Aug 18, 2010

Timecrimes


The leering cover art is what initially grasped me by the collar; a bandaged messianic figure with a haggard trench coat wielding scissors with malicious intent. Sounds almost like a film based on the Clock Tower video game series, doesn't it? Rather than attempting horror, Timecrimes takes the jet-set path to science fiction bludgeoning 12 Monkeys and Timecop into the same hypothesis. While this may sound like a convoluted mess that's hard to distinguish the thematic moral of the story; save the lady or save the world, Hector is the star of an easy to understand time travel movie. A better way to put it is that Timecrimes is an intelligent and engaging film equipped with training wheels. It's a nice departure from being primo mindfuck as I like to mix-match the intellectual trials with the devious entertainment so Timecrimes came as a surprise to me, one that does become slightly frustrating as we watch Hector 3 or 2 replay the same scene from a different vantage.


After I received this film from America's favorite courier service, Netflix, I procrastinated immensely with this film as I didn't see myself fit to sit and stare at a television screen perplexed in what I would consider the most stressful week of my hardly progressed life. I tried over and over to become absorbed in the film and ended up just putting it on pause at an estimated 9 minutes in. The one day I found time to sit and watch this film uninterrupted I discovered that once you reach 10 minutes in, the film ejects itself from the prepositioning phase into a wild world of an unexplainable nude woman and a mysterious bandaged man who loves to stab incarnations of himself which presents itself as the most painful distraction to be presented in time travel cinema. Poor Hector, who knows how long he's been living in this Groundhog Day hell on earth.


Not to bring any spoilers upon you, the nude woman is perhaps one of the better scenes in the film. Not for continuity or presentation, but for the actress's incredible body. Every time she appeared on screen, which was often, I got shivers down my spine. I had no idea that a Spanish dame could be so attractive. Timecrimes gets points for both having someone fill the once empty "useless chick" role but also turning that position into something that becomes a martyr for the murderous instincts lurking deep within one of Hector's personalities . . . or all of them. The bandaged saint and his laboratory accomplice reincarnate themselves as leading roles instead of supporting characters which enhances the swift kick into the genitals that occurs nearing the finale of this never-ending cycle of epochal torture.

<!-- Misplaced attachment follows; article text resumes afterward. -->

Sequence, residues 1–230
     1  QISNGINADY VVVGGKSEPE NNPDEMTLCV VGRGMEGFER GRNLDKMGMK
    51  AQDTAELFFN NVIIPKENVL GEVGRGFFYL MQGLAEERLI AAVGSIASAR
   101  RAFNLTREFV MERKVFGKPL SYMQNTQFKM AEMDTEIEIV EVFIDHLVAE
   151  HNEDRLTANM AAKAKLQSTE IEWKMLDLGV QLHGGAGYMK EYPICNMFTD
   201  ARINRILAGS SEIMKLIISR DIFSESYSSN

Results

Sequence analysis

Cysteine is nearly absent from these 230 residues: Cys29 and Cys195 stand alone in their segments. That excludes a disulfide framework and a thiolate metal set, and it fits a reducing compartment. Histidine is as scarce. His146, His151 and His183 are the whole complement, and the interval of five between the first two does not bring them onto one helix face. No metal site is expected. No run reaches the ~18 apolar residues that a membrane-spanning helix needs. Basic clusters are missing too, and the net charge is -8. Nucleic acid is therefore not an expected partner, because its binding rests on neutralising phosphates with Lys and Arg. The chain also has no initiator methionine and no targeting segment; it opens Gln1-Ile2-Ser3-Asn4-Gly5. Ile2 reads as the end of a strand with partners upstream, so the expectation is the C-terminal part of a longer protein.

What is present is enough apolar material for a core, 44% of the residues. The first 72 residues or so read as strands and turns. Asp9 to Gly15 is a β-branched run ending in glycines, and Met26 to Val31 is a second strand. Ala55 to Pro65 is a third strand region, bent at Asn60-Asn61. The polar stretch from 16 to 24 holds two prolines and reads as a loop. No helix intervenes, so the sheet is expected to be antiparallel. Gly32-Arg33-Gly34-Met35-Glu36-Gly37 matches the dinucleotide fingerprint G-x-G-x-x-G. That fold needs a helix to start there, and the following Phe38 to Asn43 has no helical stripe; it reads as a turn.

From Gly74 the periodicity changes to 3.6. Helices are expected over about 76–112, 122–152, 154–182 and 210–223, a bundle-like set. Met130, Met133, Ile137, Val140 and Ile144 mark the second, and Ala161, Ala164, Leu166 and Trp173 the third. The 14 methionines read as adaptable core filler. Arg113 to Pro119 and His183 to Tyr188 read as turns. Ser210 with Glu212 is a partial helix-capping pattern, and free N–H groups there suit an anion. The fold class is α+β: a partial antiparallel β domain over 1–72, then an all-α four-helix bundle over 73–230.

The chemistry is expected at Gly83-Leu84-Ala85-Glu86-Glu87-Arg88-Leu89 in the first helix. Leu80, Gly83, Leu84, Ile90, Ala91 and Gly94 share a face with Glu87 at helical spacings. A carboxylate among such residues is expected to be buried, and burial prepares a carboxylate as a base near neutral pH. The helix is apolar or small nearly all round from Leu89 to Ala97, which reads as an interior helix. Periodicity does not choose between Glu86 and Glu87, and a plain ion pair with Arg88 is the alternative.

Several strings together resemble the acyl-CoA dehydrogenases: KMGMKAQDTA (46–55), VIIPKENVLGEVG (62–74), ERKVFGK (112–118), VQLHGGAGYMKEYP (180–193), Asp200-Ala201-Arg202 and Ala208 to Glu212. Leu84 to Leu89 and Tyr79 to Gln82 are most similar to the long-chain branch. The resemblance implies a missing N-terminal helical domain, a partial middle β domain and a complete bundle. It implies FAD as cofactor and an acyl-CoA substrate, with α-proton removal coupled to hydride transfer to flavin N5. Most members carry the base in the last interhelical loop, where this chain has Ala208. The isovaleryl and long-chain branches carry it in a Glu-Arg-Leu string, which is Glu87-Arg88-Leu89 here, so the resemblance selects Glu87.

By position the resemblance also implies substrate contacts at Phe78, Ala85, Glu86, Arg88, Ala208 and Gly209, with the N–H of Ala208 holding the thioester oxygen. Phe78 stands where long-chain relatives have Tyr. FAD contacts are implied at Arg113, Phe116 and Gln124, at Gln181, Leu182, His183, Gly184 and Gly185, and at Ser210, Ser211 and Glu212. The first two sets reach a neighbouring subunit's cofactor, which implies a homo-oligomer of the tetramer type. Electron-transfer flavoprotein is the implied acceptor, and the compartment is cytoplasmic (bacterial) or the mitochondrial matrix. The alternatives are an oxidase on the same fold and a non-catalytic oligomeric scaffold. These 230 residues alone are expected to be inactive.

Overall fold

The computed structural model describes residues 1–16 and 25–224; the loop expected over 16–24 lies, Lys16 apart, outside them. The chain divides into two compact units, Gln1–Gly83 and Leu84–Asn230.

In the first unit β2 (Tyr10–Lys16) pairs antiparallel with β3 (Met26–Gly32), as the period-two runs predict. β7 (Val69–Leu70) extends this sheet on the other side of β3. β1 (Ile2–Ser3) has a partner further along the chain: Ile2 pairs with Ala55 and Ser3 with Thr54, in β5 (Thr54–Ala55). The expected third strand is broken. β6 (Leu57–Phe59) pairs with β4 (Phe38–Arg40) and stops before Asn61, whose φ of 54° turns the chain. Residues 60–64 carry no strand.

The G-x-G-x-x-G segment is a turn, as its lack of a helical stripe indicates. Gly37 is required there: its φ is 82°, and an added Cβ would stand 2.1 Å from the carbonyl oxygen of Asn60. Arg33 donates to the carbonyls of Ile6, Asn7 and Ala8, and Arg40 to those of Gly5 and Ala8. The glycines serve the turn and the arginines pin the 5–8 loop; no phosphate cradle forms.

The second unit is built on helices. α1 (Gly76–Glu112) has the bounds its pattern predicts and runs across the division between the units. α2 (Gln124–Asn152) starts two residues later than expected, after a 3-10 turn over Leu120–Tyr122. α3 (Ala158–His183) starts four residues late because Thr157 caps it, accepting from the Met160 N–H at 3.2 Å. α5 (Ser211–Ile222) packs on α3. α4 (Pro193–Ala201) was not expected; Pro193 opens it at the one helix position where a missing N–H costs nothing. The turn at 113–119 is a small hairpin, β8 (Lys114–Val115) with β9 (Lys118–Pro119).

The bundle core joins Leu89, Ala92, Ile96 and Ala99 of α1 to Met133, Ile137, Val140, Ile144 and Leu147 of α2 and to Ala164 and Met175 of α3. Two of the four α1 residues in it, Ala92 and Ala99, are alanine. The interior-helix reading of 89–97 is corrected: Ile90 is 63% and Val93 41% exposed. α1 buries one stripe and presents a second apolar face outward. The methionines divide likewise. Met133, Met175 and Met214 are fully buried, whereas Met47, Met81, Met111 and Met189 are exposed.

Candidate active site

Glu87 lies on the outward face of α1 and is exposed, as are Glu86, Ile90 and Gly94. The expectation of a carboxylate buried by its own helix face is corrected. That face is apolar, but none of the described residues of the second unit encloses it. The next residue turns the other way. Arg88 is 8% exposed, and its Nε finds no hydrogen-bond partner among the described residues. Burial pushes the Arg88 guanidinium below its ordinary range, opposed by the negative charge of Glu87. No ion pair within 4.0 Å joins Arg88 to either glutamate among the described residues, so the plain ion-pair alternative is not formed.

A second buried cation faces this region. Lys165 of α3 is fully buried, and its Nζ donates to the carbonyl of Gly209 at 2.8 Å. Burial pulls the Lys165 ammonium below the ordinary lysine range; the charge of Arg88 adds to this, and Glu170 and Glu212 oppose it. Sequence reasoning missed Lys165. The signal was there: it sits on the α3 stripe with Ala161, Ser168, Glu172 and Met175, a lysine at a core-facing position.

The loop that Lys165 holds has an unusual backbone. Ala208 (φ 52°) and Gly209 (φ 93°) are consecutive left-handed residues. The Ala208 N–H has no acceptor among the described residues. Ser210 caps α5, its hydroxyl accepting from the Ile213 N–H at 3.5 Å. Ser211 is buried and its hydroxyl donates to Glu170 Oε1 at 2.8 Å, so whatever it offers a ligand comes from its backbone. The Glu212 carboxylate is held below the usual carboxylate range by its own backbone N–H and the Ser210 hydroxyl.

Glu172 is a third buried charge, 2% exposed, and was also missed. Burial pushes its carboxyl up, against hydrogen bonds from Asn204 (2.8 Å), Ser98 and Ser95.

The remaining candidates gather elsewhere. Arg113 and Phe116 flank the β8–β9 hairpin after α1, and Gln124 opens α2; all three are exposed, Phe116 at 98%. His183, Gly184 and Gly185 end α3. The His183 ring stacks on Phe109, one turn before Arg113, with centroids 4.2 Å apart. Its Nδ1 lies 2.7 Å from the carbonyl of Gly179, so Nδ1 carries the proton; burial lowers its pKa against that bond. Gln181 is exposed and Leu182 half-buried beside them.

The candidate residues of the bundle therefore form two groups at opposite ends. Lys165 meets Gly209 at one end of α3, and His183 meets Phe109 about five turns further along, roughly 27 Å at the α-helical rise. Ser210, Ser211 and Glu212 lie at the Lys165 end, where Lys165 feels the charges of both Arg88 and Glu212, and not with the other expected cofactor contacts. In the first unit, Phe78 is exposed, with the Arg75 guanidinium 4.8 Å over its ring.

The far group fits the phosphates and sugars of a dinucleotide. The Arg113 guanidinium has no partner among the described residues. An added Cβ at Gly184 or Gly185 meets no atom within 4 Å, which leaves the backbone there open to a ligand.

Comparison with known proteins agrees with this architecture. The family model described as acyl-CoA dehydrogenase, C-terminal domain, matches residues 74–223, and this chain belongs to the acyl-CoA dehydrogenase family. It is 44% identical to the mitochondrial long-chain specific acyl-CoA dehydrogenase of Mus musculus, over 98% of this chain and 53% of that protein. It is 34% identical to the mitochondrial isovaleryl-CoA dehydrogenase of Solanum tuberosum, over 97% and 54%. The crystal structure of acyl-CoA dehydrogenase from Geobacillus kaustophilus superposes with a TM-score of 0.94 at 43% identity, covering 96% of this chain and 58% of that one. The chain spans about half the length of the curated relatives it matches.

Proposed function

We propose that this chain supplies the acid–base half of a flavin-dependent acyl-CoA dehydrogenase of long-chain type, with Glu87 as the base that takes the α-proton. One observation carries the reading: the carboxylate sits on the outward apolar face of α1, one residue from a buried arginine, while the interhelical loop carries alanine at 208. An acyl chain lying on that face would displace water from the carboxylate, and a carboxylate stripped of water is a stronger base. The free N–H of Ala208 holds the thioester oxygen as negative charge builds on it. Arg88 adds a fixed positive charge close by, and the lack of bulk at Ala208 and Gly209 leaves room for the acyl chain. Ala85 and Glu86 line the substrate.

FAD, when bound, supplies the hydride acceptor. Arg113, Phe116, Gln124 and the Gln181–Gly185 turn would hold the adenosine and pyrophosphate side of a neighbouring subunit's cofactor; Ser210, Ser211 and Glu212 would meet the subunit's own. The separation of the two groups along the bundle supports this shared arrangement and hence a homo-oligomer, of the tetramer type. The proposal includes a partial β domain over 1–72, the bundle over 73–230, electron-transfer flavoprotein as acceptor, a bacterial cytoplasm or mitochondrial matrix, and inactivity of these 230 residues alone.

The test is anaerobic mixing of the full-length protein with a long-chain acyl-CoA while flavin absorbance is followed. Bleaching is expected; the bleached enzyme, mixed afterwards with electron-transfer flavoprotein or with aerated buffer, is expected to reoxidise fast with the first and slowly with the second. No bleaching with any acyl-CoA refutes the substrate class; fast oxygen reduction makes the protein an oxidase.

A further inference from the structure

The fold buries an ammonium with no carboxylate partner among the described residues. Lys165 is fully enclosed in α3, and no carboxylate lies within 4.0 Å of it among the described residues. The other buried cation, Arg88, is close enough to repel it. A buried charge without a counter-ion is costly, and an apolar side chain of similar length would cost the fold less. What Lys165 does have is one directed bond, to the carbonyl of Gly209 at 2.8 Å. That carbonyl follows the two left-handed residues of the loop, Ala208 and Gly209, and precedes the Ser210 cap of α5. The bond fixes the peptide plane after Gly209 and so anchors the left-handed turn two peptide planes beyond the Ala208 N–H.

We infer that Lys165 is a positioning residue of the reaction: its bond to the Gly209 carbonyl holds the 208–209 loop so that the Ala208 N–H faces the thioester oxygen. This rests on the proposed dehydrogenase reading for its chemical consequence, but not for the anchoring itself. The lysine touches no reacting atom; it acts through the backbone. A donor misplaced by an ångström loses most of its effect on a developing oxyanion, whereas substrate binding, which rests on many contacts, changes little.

Timecrimes is a film that is innocently simple enough for the childlike film goer whose expectations match explosions and swiftly thrown curse words. This momentous occasion in which a film revolving about an intricate plot and repeating consequence that is simple enough for a toddler to understand is why Timecrimes should be essential viewing for those who haven't been implemented the teachings of finer cinema. Not much to say about this film other than it's required viewing of the impartial genre that is composed of the underdeveloped and under-appreciated niche entitled Spanish cinema e.g. Killing Words. Timecrimes is a textbook science-fiction thriller that does just about everything right and in the end, it's simplicity manages to kill the arthouse feel but resuscitates that acclaimed ongoing personal melancholy with its vibrant and lush wooded setting. An environmental surprise that reeks of talent and misery, Timecrimes did not disappoint me for even a minute. Just goes to show that even the most civil of men house a "dark passenger."


-mAQ

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